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AAC don Ghaeilge: the Prototype Development of Speech-Generating Assistive Technology for Irish
Emily Barnes | Oisín Morrin | Ailbhe Ní Chasaide | Julia Cummins | Harald Berthelsen | Andy Murphy | Muireann Nic Corcráin | Claire O’Neill | Christer Gobl | Neasa Ní Chiaráin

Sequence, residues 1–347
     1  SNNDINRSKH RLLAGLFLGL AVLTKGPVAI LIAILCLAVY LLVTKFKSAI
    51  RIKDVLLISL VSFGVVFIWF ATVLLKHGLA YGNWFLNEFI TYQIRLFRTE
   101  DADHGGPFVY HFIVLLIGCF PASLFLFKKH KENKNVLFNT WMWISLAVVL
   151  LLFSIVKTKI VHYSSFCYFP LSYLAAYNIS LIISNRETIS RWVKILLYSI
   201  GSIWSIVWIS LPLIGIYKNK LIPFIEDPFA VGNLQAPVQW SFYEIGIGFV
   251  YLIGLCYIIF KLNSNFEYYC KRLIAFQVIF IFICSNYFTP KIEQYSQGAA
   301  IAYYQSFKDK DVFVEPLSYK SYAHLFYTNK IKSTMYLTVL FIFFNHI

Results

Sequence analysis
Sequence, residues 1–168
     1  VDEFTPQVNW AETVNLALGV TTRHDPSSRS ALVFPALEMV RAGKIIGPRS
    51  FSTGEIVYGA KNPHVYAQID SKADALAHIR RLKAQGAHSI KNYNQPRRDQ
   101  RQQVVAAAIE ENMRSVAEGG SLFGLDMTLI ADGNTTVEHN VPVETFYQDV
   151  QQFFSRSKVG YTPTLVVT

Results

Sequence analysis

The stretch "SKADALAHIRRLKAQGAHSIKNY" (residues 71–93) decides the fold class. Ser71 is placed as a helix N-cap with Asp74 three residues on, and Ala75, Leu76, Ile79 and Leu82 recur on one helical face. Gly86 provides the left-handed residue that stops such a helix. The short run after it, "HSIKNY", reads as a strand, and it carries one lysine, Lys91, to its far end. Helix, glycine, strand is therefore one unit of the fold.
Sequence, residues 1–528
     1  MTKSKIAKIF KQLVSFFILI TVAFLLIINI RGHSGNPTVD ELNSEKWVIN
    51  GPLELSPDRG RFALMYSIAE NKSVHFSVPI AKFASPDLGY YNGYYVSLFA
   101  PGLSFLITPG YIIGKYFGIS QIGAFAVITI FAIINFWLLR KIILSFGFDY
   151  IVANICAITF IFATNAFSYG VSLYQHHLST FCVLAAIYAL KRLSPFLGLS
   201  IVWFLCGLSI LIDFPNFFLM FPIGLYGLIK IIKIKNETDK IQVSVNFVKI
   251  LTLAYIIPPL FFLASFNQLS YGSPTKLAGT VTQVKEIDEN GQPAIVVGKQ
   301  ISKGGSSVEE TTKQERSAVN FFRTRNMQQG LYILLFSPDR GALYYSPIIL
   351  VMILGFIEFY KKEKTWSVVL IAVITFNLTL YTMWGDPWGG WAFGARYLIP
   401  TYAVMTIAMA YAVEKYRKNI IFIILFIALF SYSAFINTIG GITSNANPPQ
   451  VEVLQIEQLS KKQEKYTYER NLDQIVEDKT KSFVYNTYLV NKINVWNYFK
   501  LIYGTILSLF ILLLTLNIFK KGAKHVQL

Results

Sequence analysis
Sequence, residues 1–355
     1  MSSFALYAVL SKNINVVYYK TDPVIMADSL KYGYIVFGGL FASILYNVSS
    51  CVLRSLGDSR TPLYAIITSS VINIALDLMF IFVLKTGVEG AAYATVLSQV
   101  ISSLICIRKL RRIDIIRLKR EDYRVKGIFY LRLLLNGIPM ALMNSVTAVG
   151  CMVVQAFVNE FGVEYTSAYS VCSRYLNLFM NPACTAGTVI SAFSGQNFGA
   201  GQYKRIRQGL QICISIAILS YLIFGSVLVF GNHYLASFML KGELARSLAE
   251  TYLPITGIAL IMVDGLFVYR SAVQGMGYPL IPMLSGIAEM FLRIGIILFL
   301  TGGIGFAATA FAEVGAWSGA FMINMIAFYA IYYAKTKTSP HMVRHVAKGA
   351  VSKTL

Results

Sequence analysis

This paper describes the prototype development of an Alternative and Augmentative Communication (AAC) system for the Irish language. This system allows users to communicate using the ABAIR synthetic voices, by selecting a series of words or images. Similar systems are widely available in English and are often used by autistic people, as well as by people with Cerebral Palsy, Alzheimer’s and Parkinson’s disease. A dual-pronged approach to development has been adopted: this involves (i) the initial short-term prototype development that targets the immediate needs of specific users, as well as considerations for (ii) the longer term development of a bilingual AAC system which will suit a broader range of users with varying linguistic backgrounds, age ranges and needs. This paper described the design considerations and the implementation steps in the current system. Given the substantial differences in linguistic structures in Irish and English, the development of a bilingual system raises many research questions and avenues for future development.